Ruzafa is much appreciated for its bohemian atmosphere and it is mainly frequented for its cool cafes and nightlife. Nonetheless, the neighbourhood isn’t lacking in traditional sights, like museums, historical buildings, and churches.
Plaza de Toros
Plaza de Toros, also known as the Plaça de Bous is Valencia’s bullring, one of the most beautiful and largest in Spain. It is still active to this day, meaning you can see corridas and bullfighting events in it. It bears a strong resemblance to civil Roman architecture, particularly the Colosseum.
The Plaza de Toros is just next to Estación del Norte, at the northern edge of the neighbourhood, close to the Old Town (view map above).
If you want to know more about Valencia’s bullring, you can read our article about the Plaza de Toros.
Estación del Norte
Valencia’s North Station is the city’s main train station, as well as one of the city’s most recognisable Modernist buildings. Dating back to the early 20th century, the station is considered to be one of the most beautiful in Spain.
The North Station is characterised by delicate and meticulous decorations, depicting the local landscape (the Huerta), agricultural traditions, and folklore. The natural curves and shapes of plants and flowers coexist with the use of modern materials, like glass, iron, and ceramics.
If you want to know more about Valencia’s main train station, you can read our article about its history and architecture.
Parroquia de San Valero y San Vicente Mártir
Commonly known as the Church of San Valero, this building is considered the Cathedral of Ruzafa. It was built, like many other churches in Valencia, on the site previously occupied by a mosque.
The initial church was destroyed by a fire, rebuilt in the 15th century, and then rebuilt again in the 17th century to allow for an expansion.
As a result, the building we see today is a Baroque church built in brick and stone, with a dome covered with blue and white tiles. The interior is Churrigueresque, an extreme form of Baroque which became typical in Spain after the colonisation of the Americas. On the façade, you can see the sculptures of the two titular saints: San Vicente and San Valero.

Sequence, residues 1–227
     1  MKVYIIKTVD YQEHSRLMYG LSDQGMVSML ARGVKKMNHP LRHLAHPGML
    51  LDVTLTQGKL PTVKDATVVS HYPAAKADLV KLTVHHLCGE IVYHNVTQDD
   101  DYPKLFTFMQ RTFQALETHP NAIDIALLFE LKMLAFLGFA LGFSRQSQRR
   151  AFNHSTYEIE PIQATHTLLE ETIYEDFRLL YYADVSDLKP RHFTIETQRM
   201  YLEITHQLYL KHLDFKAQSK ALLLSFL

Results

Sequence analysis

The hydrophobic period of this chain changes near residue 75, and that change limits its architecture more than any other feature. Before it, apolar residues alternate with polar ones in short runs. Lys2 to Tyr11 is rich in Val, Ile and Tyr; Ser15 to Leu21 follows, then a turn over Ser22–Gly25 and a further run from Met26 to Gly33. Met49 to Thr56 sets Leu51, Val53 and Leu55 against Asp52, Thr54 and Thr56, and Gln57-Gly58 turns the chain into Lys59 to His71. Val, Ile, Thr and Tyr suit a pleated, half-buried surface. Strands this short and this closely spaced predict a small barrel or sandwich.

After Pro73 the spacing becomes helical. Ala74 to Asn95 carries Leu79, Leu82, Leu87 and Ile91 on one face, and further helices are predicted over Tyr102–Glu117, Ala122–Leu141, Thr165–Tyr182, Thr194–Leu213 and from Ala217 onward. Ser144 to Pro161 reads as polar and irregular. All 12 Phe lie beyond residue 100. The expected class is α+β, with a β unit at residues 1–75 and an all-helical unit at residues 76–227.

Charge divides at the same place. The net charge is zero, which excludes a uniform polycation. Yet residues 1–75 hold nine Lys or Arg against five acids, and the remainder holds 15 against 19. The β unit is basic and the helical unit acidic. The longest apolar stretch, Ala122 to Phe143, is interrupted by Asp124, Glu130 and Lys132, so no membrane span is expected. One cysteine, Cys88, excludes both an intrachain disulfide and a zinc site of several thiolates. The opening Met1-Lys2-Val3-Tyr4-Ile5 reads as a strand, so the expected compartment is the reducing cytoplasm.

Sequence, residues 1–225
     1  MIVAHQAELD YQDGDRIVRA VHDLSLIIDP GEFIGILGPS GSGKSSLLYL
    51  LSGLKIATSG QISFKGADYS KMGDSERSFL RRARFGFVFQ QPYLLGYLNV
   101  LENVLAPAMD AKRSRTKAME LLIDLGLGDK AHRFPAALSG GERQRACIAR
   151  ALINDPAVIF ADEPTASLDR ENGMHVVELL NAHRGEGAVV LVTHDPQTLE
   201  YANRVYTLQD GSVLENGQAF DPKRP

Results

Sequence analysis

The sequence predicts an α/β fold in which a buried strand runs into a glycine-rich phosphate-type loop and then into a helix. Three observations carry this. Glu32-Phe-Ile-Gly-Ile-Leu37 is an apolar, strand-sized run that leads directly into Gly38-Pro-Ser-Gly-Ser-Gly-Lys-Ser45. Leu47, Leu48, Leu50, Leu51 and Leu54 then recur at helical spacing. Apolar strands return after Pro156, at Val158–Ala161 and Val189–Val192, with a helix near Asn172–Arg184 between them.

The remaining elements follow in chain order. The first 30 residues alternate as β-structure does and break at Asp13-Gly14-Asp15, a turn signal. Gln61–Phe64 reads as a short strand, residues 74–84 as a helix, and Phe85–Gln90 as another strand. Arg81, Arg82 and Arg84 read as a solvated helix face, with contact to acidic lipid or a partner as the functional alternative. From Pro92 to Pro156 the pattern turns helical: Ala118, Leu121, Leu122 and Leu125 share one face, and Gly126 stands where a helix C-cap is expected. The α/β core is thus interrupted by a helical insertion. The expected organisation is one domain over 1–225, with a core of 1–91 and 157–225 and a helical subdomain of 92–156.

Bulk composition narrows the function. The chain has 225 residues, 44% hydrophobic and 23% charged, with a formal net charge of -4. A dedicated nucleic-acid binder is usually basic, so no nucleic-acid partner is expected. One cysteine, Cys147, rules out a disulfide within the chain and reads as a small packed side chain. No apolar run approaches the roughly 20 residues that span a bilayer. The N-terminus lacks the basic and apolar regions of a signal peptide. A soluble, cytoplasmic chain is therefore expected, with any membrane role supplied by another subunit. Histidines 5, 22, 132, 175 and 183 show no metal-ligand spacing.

The church is located in the heart of the barrio, across Mercado de Russafa (view map above). In fact, many describe the neighbourhood as having developed around the church itself.
The Casa Judía (which translates to Jewish House) is a hidden gem of Valencia. Despite being on one of the main streets that connect Valencia’s North Station with Ruzafa’s centre, the building is not very well-known. You can find it near Plaza de Toros, on Calle Castellón (view map above). The construction, its explosion of colours and its unexpected lines force bypassers to look at it in awe.
The property, which unfortunately can only be admired from the street (it is privately owned), is one of the most unique buildings in Valencia and it hardly fits into a defined architectural canon. With its colourful and eclectic façade, it shows Valencia Art Deco influences.
The reason for its name can be found among the geometric shapes and the green, yellow, and light blue lines: a Star of David. The reason for it is unclear, but according to some sources the architect Juan Guardiol wanted to honour the initial commissioner’s Jewish origins.